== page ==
"Nice hat," I probably mean to denigrate his choice of head cover. So the expression, "Nice hat!" really means "Good grief, man. Get a clue. You'll never get a girl to talk to you when you have that ridiculous thing on your noggin!"
So, to names. My female Aggie teammates called me either "Big Daddy" or "Daddy-O," in part because I once compared my protectiveness and concern for their welfare after a crash to a sense of paternal worry. Watching my friends Linnea, Marisa, Amanda, and Amy all hit the deck in various crashes made me sick to my stomach in a way that felt eerily similar to the time my daughter Katie fell off the back of the couch and cut her chin. Compared to Marisa's broken pelvis and Linnea's fractured vertebra, Katie's wound was tiny and superficial, but both categories of wounds affected me the same way--I wanted to destroy worlds to make them safe.
I was also the only member of the team with a pint-sized cheering section:
That's my wife and daughters at the collegiate conference championship road race in 2006. The guy wearing his helmet while warming up on a trainer knew something the rest of us didn't: about five minutes after this picture was taken, he fell over sideways and took out most of the line.
My "Big Daddy" nickname also had something to do with the fact that I'm rather, uhh, large for a bike racer. That second year, I raced at 6'2" and 200 lbs--down from 220 my first season. Amongst the young and fit of the UC Davis Cal-Aggie Cycling Team, I was an old whale.
Now that I'm back in Omaha, everyone seems to make comments about how little of me has returned from California. And for the first time in my life on the bike, I'm not the last one to the top of every climb. I rode again last Sunday with Pat Cash and the Omaha Pedalers, the same group I rode with right before I blew out my back and lost two weeks waiting for the spasms to subside. This time, they showed me a rolling route through the hills and Elkhorn River bottomlands northwest of Omaha. We enjoyed the first sunshine I'd seen in two weeks and some great conversation amidst golden hues and mellow autumn light.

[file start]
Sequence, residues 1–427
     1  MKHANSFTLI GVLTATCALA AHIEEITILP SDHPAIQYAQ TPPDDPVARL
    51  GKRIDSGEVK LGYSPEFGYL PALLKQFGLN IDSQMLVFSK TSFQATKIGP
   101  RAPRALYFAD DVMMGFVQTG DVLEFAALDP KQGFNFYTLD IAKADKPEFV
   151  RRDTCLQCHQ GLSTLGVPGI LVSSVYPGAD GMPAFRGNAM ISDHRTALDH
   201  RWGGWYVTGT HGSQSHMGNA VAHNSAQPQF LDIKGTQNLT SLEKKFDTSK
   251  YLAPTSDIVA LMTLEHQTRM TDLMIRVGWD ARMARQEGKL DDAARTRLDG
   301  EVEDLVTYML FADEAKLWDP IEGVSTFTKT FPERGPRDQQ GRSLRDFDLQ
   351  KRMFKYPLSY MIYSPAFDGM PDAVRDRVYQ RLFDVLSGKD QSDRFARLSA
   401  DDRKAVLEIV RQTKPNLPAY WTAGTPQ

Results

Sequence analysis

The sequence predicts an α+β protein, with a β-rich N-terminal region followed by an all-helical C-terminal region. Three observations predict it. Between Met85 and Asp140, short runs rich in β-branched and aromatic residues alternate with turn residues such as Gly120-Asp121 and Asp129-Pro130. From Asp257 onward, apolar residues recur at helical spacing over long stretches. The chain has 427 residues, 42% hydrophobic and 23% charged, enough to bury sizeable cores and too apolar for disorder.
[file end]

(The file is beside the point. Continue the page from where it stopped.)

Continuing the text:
In 50 miles, we did almost 1,500 feet of climbing, mostly in the form of sharp, punchy power climbs. However, one ascent reached 5% and took almost 6 minutes to summit. In contrast, a 50-mile ride from Davis around Cantelow, a training hill about 25 miles from town, features only 900 feet of climbing.
I was able to stay with the lead group over each and every one of these little rollers, and I even managed to cover two attacks when Jake decided to get a little frisky.
I still can't sit at my desk and write for more than 30 minutes at a time, but I feel better today than yesterday, when I felt better than the day before. Now if only I could re-trace the routes these guys have shown me.
Oh, and BTW--today, Pat emailed me with the appellation "E.O'B." So it's followed me back here, too. From high school in Omaha to college in Kansas City, from post-collegiate professional life to grad school in California, "EOB" has followed me like a bloodhound on the scent of a criminal. So to all my new cycling buddies in Omaha, let's just get it over with now: my friends call me "E." Or "EOB."
Sheesh. All this stuff about identity....